In recent years, two populations of the extremely rare relict leopard frog (Rana onca) have gone extinct.  These population extinctions occurred concomitantly with the encroachment of native emergent vegetation into pools in which frogs were usually observed.  These observations implicate a causal effect between vegetation encroachment and relict leopard frog population declines.  In order to determine if adult R. onca prefer more vegetatively open habitats, we conducted a radio-telemetry study at Blue Point Spring within the Lake Mead National Recreation Area.  A total of 809 radio telemetry observations were made on 34 frogs from April 2 through December 7, 2004.  Habitat was assessed at two scales, macrohabitat (within one-meter segments down the length of the stream) and microhabitat (within 25 cm2 areas centered on each frog observation).  Polytomous Logistic Regression (PLR) was used with both macro- and microhabitat data to compare habitat characteristics between “low-use” and “high-use" areas.  A more traditional multiple analysis of variance (MANOVA) approach was also used at the macrohabitat scale to compare used segments to unused segments of the stream. Analyses supported the hypothesis that adult R. onca select for areas with less vegetative cover (particularly for areas with less Eleocharis, Scirpus, and Typha).  There is also some support that these frogs select for wider portions of the stream and for a higher percentage of that stream to be shallower water (less than 13 cm).  We interpret these results to reflect selection of habitats mostly during the warmer periods of the year, and that much of these patterns may be driven by selection of foraging sites.

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HEMINGWAY, VALENTINE A. 1,2*, ANTONIA D’AMORE1,2, and KERSTIN WASSON1
1Elkhorn Slough National Estuarine Research Reserve, Watsonville, CA, hemingway@biology.ucsc.edu;  2Univ. of California Santa Cruz, Dept. of Ecology and Evolutionary Biology, Santa Cruz, CA.

Interannual Changes in the Distribution of Amphibians and Associated Threats in the Elkhorn Slough Region

The California red-legged frog, Rana draytonii, has been extirpated from 70% of its former range, and its population is estimated to have decreased by 90%.  Protected under the Endangered Species Act, the US Fish and Wildlife Service authored a Draft Recovery Plan in 2002, designating the Central Coast as its strongest Recovery Unit.  Elkhorn Slough National Estuarine Research Reserve falls within this recovery unit, and it is home to one of the remaining populations of the frog.  However, since 2002 the California red-legged frog population has experienced a precipitous decline at the Reserve.  This has sparked our research into the underlying causes of this decline and our assessment of the populations surrounding the Reserve.  To this end, we identified 45 freshwater sites in the Elkhorn Slough region and determined the presence or absence for each of five amphibian species in each of these sites, including California red-legged frogs (Rana draytonii), Pacific treefrogs (Pseudacris regalia), American bullfrogs (Rana catesbeiana), Western toads (Bufo boreas), and Santa Cruz long-toed salamanders (Ambystoma macrodactylum croceum).  For each we also collected data on physical characteristics and vegetation, searched for threats such as invasive bullfrogs and predatory fish, looked for signs of disease outbreaks such as malformations and die-off events, and checked water quality.  We have used a variety of statistical tools and GIS to analyze these first two years of data.  Through our analyses, we have found some interesting trends that we will continue to investigate through our regional monitoring program and intensive research investigations.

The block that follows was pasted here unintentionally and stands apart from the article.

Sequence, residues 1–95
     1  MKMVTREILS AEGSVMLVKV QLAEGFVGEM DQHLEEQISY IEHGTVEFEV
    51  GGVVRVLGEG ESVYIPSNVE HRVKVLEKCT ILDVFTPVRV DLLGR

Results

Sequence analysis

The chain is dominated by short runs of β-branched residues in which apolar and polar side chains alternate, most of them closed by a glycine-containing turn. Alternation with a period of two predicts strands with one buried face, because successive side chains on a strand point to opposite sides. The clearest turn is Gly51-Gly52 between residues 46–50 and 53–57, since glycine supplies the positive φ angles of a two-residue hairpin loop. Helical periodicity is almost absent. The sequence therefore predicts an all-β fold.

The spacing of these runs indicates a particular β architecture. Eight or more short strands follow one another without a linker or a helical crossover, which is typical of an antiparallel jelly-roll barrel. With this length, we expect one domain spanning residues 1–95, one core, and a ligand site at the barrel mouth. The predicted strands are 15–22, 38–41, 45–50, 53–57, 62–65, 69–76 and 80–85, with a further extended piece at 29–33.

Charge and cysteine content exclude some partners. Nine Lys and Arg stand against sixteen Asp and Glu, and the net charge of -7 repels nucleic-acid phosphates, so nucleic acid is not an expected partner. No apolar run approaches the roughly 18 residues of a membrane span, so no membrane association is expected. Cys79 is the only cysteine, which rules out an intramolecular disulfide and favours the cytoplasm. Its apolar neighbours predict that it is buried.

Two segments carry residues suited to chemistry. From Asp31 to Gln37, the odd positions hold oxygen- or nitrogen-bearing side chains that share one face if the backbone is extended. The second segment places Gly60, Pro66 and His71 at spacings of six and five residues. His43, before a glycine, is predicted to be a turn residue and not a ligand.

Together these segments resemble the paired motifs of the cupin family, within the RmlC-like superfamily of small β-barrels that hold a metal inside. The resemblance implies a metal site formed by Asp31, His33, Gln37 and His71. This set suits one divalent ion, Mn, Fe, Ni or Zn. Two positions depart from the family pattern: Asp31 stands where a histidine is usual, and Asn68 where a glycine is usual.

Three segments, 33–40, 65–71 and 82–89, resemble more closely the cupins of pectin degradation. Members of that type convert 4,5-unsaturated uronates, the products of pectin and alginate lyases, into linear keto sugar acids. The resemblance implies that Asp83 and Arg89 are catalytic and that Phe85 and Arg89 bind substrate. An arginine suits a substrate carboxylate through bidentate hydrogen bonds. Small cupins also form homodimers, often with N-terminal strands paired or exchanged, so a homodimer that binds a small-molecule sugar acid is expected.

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HOGAN, JENNIFER
California Department of Water Resources, Sacramento, CA, jhogan@water.ca.gov

Lessons Learned ..... While Doing Maintenance Activities Where There Are California Red-legged Frogs

Maintenance activities within the Department of Water Resources Delta Field Division’s ponds and drainages have provided some opportunities and challenges for DWR Environmental Scientists.  Regulatory agencies, handling techniques, habitat determination, and survey results have all provided us with a chance for further understanding.  Learning to deal effectively with the regulatory agencies was the first challenge. Handling California red-legged frogs and tadpoles in a safe and reliable manner provided another learning opportunity.  Learning to determine red-legged frog habitat also proved to be interesting, since we discovered these frogs in areas where we initially did not expect them to be.  The most exciting lesson learned, though, is that the work we are doing in these drainages appears to be good for the frogs.  DWR is now entering its fourth year of these maintenance activities.  We will undoubtedly learn more lessons as we continue our work.  Hopefully, we will also continue to benefit this threatened frog.